Adolescent Health and Nutrition

UNICEF works with partners in Ghana to ensure that adolescents are healthy and well-nourished

Linda Okyere Baffour (13), a student at AME Zion School in Odoben, Ghana, on 19 January 2018.
UNICEF/UN267482/QUARMYNE

Challenges

Adolescents and young people form nearly one-third of the total population of Ghana - around one-quarter between the ages of 10 to 19 years with an additional 10 per cent young adults between 20-24 years. 

For more than five million adolescent girls in Ghana, the transition from girlhood to womanhood is filled with obstacles. Girls face vulnerabilities with regards to their sexual and reproductive health — with potentially lifelong consequences. Many of them start having babies when they are still children.

Teenage pregnancy is associated with maternal and child mortality. For several reasons, pregnancy in adolescence carries a high risk of maternal death. Children born to mothers under 20 years have less chances of surviving. The under-five mortality for those children stands at 105 compared to a national average of 85.

High level of anemia among girls is of particular concern because it is a leading cause of maternal mortality, low birth weight and premature birth. Nearly half of the adolescent girls in Ghana are anemic, making it a public health problem. 

Ubeida Yakubu Dud, a student at Humanist International School in Widana in the Upper East Region listens during a talk on sex and teenage pregnancy on 24 July 2015. Aged 14, she has a one year-old child.
UNICEF/UN736283/QUARMYNE
Ubeida Yakubu Dud, a student at Humanist International School in Widana in the Upper East Region listens during a talk on sex and teenage pregnancy on 24 July 2015. Aged 14, she has a one year-old child.

The quality and attitude of healthcare providers is a huge impediment as well. Due to insufficient training and cultural prejudices, adolescents hesitate to seek services such as counselling, advice on family planning and abortion to end unwanted pregnancies.

Instead of receiving care and assistance, adolescent girls who fall pregnant often face an unfriendly attitude in health centers

To make things worse, access to empowering information is severely limited. In the past, health programmes for adolescents focused on providing sex education and health services without much focus on empowerment. At the complex age of adolescence, the right information is key, which is inaccessible to the adolescents of Ghana.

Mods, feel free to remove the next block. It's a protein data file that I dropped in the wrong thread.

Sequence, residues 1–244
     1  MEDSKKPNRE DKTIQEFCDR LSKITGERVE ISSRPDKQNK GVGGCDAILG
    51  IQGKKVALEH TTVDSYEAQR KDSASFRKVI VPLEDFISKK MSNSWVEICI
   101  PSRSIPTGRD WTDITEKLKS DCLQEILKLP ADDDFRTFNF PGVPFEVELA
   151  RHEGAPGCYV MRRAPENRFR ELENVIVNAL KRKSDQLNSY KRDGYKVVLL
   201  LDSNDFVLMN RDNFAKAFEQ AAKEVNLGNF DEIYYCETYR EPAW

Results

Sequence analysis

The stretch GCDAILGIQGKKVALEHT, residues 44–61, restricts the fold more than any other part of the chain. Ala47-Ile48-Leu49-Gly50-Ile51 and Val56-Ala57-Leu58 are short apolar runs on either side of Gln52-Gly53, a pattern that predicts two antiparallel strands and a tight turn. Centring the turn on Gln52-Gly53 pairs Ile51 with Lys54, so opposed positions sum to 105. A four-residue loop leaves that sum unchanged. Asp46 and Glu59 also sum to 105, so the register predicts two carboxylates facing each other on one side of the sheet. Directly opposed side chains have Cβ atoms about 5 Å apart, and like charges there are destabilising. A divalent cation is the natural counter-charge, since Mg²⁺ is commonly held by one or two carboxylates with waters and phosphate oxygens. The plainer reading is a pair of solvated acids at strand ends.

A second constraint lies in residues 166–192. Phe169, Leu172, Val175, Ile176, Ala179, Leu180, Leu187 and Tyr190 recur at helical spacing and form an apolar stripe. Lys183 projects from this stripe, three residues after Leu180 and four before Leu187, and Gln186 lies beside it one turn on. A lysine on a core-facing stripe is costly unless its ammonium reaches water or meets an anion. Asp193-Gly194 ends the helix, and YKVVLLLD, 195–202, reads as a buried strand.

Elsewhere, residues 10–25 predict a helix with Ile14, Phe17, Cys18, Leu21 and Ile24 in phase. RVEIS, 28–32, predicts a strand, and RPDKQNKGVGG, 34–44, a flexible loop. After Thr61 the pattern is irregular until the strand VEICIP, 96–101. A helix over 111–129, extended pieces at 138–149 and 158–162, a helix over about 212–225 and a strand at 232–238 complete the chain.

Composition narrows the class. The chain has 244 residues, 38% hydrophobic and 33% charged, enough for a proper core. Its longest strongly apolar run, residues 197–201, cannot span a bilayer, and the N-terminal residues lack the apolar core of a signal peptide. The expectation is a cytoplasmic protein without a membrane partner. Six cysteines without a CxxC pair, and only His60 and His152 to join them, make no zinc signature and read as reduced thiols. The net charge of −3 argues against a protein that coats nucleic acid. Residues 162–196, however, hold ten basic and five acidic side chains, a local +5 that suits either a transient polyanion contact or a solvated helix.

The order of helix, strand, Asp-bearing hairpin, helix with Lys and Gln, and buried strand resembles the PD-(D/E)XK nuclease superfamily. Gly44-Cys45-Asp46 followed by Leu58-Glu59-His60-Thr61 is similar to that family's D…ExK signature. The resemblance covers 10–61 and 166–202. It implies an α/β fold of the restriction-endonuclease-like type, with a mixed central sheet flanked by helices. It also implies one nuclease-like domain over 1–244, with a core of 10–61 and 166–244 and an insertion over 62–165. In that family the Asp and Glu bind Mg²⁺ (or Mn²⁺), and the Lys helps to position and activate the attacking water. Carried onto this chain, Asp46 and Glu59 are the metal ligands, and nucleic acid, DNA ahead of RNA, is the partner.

Moreover, the Health Management Information System is inadequate due to the absence of periodic quality data review and analysis.

Solution

Ghana is a country in demographic transition. Whilst the total age-dependency ratio is decreasing, the proportion of the economically active population (15-64 years) is increasing. This demographic transition present the country with an opportunity to empower its adolescents and young people during which this population group peaks.

Ghana has been showing continued commitment to adolescents’ and young people’s health and development with UNICEF's support.

A group of young girls at the Odoben A.M.E. Zion missionary school in Asikuma Odoben Brakwa District on 7 September 2016.
UNICEF/UN487920/TAKYO
A group of young girls at the Odoben A.M.E. Zion missionary school in Asikuma Odoben Brakwa District on 7 September 2016

UNICEF is supporting the Ghana Health Service deliver more adolescent responsive services, and model referral mechanisms providing safety net (health, education and social protection services) to pregnant adolescent girls and teenage mothers.

With UNICEF's support, the Ghana Health Service is also implementing and scaling-up of the Girls Iron Folate Tablet Supplementation (GIFTS) Programme (an initiative aimed at reducing the incidence of anemia in adolescent girls), providing nutrition education and weekly supplements of iron folic acid to adolescent girls 10-19 years. Thanks to the GIFTS programme the incidence of anemia in girls in the Northern and Volta Regions has reduced by 26%.